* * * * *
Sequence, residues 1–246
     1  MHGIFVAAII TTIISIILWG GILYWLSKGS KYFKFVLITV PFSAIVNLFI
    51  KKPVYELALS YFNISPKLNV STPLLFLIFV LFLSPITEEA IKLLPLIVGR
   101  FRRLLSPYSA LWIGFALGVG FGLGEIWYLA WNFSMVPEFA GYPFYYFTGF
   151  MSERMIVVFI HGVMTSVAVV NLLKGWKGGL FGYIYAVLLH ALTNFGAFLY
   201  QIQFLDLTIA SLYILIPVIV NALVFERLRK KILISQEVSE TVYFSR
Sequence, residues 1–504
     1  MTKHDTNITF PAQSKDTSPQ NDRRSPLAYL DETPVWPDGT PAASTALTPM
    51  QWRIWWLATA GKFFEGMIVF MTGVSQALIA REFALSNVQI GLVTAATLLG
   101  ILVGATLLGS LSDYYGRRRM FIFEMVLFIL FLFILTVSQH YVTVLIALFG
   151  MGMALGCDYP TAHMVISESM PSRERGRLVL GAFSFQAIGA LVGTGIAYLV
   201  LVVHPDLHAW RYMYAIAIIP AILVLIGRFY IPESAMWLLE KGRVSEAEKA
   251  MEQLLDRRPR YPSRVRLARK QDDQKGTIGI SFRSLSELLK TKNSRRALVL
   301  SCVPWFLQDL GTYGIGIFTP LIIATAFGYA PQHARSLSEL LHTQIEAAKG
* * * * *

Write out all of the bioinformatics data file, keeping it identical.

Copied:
Sequence, residues 1–246
     1  MHGIFVAAII TTIISIILWG GILYWLSKGS KYFKFVLITV PFSAIVNLFI
    51  KKPVYELALS YFNISPKLNV STPLLFLIFV LFLSPITEEA IKLLPLIVGR
   101  FRRLLSPYSA LWIGFALGVG FGLGEIWYLA WNFSMVPEFA GYPFYYFTGF
   151  MSERMIVVFI HGVMTSVAVV NLLKGWKGGL FGYIYAVLLH ALTNFGAFLY
   201  QIQFLDLTIA SLYILIPVIV NALVFERLRK KILISQEVSE TVYFSR
Sequence, residues 1–504
     1  MTKHDTNITF PAQSKDTSPQ NDRRSPLAYL DETPVWPDGT PAASTALTPM
    51  QWRIWWLATA GKFFEGMIVF MTGVSQALIA REFALSNVQI GLVTAATLLG
   101  ILVGATLLGS LSDYYGRRRM FIFEMVLFIL FLFILTVSQH YVTVLIALFG
   151  MGMALGCDYP TAHMVISESM PSRERGRLVL GAFSFQAIGA LVGTGIAYLV
   201  LVVHPDLHAW RYMYAIAIIP AILVLIGRFY IPESAMWLLE KGRVSEAEKA
   251  MEQLLDRRPR YPSRVRLARK QDDQKGTIGI SFRSLSELLK TKNSRRALVL
   301  SCVPWFLQDL GTYGIGIFTP LIIATAFGYA PQHARSLSEL LHTQIEAAKG